REN21 Renewables Report: Heating, Cooling, Transport Lag Behind Power Sector in Energy Transformation
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In 2017, investment in new renewable power capacity was more than twice that of new fossil fuel and nuclear power capacity combined, despite fossil fuel subsidies.

However, while 146 countries have national renewable energy targets in the power sector, only 48 countries have national renewable energy targets for heating and cooling, and 42 for renewable energy use in transport.

To ensure changes in the three sectors, the report calls for: appropriate policy frameworks that drive innovation; the development of new renewable energy technologies; and political leadership to end fossil fuel and nuclear subsidies, invest in infrastructure, and establish targets and policies for heating, cooling and transport.

4 June 2018: While the renewable energy transformation is underway for the power sector, the heating, cooling and transport sectors, which account for 80% of total energy demand, are lagging behind and require accelerated action to meet SDG 7 (affordable and clean energy) and the goals of the Paris Agreement on climate change, according to a status report on the renewables, published by the Renewable Energy Policy Network for the 21st Century (REN21).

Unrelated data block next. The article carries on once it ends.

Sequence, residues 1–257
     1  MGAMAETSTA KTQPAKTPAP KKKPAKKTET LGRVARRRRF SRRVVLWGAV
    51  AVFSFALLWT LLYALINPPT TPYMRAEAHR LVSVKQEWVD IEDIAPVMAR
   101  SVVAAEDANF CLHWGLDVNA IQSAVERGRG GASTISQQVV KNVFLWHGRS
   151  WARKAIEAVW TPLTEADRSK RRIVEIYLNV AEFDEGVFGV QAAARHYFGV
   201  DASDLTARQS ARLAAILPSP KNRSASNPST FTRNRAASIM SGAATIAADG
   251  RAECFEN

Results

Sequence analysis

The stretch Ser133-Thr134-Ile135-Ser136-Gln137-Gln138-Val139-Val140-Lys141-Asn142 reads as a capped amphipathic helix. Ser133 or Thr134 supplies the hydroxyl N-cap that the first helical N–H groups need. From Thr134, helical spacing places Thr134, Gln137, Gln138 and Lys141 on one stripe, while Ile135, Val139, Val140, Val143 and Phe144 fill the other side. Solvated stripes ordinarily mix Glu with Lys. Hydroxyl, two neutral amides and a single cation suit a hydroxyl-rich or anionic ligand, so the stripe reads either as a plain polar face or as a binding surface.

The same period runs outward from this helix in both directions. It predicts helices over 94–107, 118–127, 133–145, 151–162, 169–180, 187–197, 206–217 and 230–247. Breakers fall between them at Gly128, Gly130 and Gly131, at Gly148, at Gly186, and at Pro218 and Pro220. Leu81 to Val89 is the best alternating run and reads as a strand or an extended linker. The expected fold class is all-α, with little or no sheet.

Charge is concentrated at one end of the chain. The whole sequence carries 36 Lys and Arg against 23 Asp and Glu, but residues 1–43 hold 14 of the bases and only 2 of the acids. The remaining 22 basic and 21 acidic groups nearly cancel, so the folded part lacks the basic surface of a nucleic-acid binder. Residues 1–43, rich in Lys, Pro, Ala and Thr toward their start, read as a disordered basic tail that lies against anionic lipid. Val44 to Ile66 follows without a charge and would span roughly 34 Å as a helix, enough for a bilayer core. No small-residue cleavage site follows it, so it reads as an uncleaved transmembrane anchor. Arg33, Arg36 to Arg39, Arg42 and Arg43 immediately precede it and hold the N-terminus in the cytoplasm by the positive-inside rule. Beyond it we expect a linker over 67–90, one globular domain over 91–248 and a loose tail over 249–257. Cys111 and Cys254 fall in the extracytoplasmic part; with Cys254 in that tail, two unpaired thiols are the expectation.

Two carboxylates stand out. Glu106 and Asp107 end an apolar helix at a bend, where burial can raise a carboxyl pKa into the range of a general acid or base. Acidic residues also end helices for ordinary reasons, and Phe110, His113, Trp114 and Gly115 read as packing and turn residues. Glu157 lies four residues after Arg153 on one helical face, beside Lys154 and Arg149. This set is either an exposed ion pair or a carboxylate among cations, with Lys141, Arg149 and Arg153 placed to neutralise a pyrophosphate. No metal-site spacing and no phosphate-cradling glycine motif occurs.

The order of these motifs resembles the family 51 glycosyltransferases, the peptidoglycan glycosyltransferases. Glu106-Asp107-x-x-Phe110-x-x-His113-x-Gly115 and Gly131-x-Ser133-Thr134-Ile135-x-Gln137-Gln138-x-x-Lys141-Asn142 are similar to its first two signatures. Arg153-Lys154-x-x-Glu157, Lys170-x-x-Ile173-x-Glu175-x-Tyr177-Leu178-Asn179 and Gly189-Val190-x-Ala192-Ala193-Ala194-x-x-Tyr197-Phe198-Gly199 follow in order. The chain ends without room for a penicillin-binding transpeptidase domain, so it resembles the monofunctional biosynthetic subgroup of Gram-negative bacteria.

Titled ‘Renewables 2018 Global Status Report’ (GSR), the publication highlights that renewables accounted for 70% of added power generating capacity in 2017, with record growth in solar photovoltaic (PV) capacity and wind power. The report explains that, in 2017, investment in new renewable power capacity was more than twice that of new fossil fuel and nuclear power capacity combined, despite fossil fuel subsidies. It states that more than two thirds of investments in power generation were in renewables, mainly concentrated in China, Europe and the US, which together accounted for almost 75% of global investment in renewables. However, when measured per unit of gross domestic product (GDP), the Marshall Islands, Rwanda, Solomon Islands, Guinea Bissau and other developing countries invested in renewables as much as or more than developed and emerging economies.

To achieve the Paris Agreement’s objectives, heating, cooling and transport must follow the same path as the power sector, according to the report. Only 48 countries have national renewable energy targets for heating and cooling, while 146 have renewable energy targets in the power sector. While electricity provides 1.3% of transport energy needs, with around one quarter being renewable and 2.9% biofuels, 92% of the sector’s energy demand is met by oil, and only 42 countries have national targets for renewable energy use in transport.

At the same time, the report points to some progress in the three sectors. For example, in India, installations of solar thermal collectors increased by 25% in 2017. China aims to ensure that 2% of cooling loads of buildings are derived from solar thermal energy by 2020. Also, 1.2 million passenger electric cars were sold in 2017, a 58% increase from 2016. The report finds that: energy access continued to increase, albeit slowly, in developing countries, particularly those in sub-Saharan Africa; commitments to phase out coal power are on the rise; and solar PV and wind costs continued to fall due to technological innovations, market changes and changing business models, including on the part of traditional utilities.